HARTFORD, Conn. — The ACLU responded to a lawsuit filed today challenging trans-inclusive practices in Connecticut. The lawsuit has been filed against the Connecticut Interscholastic Athletic Conference and multiple school boards and specifically names Andraya Yearwood and Terry Miller, two transgender student athletes. The ACLU will be seeking to join this lawsuit and defend the interest of trans student athletes.
Statement from Chase Strangio, deputy director for Trans Justice with the ACLU LGBT & HIV Project:
“Today’s complaint filed in Connecticut targeting the inclusion of transgender girls in girls’ athletics and specifically naming Terry Miller and Andraya Yearwood is a dangerous distortion of both law and science in the service of excluding trans youth from public life. The purpose of high school athletics is to support inclusion, build social connection and teamwork, and help all students thrive and grow. Efforts to undermine Title IX by claiming it doesn’t apply to a subset of girls will ultimately hurt all students and compromise the work of ending the long legacy of sex discrimination in sports.
“Additionally, the language of the complaint, which deliberately misgenders transgender youth and demands that high school athletics be organized by chromosomes, is an assault on the basic dignity and humanity of transgender people and a threat to the privacy and equality of all students.”
Statement from Terry Miller, student athlete:
“I have faced discrimination in every aspect of my life and I no longer want to remain silent. I am a girl and I am a runner. I participate in athletics just like my peers to excel, find community, and meaning in my life. It is both unfair and painful that my victories have to be attacked and my hard work ignored. Living in a state that protects my rights is something that I do not take for granted. So many young trans people face exclusion at school and in athletics and it contributes to the horrible pain and discrimination that my community faces. The more we are told that we don’t belong and should be ashamed of who we are, the fewer opportunities we have to participate in sports at all. And being an athlete can help us survive. But instead, we are being told to be quiet, to go home, to stop being who we are. I will continue to fight for all trans people to compete and participate consistent with who we are. There is a long history of excluding Black girls from sports and policing our bodies. I am a runner and I will keep running and keep fighting for my existence, my community, and my rights.”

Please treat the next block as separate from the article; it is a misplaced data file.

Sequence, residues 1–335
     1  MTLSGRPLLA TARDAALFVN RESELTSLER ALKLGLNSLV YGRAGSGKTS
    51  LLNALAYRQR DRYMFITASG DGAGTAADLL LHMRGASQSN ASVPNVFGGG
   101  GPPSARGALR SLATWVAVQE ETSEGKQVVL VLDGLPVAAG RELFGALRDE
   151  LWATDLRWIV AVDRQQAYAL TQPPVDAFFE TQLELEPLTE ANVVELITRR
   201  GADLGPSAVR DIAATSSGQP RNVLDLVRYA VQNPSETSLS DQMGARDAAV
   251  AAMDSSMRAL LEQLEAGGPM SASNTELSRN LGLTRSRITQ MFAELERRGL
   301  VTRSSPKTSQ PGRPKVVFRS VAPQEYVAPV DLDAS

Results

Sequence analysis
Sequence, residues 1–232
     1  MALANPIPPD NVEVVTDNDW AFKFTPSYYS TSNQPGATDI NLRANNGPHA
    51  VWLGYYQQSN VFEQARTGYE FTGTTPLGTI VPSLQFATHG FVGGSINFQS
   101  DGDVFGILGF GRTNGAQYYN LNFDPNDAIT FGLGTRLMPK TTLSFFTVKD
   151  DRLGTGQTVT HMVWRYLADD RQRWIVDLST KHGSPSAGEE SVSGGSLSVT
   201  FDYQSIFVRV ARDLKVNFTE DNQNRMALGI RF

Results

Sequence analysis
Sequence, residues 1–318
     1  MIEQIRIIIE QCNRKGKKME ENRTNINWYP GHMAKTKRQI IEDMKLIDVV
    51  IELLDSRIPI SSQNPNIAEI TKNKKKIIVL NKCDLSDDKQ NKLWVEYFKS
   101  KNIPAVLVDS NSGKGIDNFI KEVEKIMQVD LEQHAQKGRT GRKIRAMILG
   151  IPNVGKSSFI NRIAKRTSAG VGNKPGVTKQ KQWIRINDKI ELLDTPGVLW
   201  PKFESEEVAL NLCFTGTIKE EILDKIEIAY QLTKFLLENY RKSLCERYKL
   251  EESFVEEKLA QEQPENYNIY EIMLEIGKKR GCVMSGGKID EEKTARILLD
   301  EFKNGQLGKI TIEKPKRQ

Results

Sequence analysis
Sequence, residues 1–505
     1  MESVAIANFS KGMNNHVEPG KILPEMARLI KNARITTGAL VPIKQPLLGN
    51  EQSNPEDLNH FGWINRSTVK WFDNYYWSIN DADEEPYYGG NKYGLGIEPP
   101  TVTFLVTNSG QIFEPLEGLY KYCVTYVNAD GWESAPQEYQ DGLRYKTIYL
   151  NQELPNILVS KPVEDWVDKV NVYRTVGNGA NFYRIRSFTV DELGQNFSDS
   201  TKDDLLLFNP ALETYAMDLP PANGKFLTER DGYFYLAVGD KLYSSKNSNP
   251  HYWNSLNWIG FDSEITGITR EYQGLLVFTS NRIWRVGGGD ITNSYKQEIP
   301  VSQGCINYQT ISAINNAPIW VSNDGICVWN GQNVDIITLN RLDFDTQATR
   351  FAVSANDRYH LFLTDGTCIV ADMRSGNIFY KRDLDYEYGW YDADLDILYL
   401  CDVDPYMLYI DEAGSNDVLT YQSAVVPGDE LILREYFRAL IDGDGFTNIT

Statement from Andraya Yearwood, student athlete:
“I have known two things for most of my life: I am a girl and I love to run. There is no shortage of discrimination that I face as a young Black woman who is transgender. I have to wake up every day in a world where people who look like me face so many scary and unfair things. I am lucky to live in a state that protects my rights and to have a family that supports me. This is what keeps me going. Every day I train hard — I work hard to succeed on the track, to support my teammates, and to make my community proud. It is so painful that people not only want to tear down my successes, but take down the laws and policies that protect people like me. I will never stop being me! I will never stop running! I hope that the next generation of trans youth doesn't have to fight the fights that I have. I hope they can be celebrated when they succeed not demonized. For the next generation, I run for you!”
Statement of Women’s Rights and Gender Justice Organizations in Support of Full and Equal Access to Participation in Athletics for Transgender People
Blog from the ACLU’s Women’s Rights Project and LGBT & HIV Project: Banning Trans Girls From School Sports Is Neither Feminist Nor Legal
Op-Ed by Katrina Karkazis: Stop talking about testosterone – there’s no such thing as a ‘true sex’
Transphobia’s New Target Is the World of Sports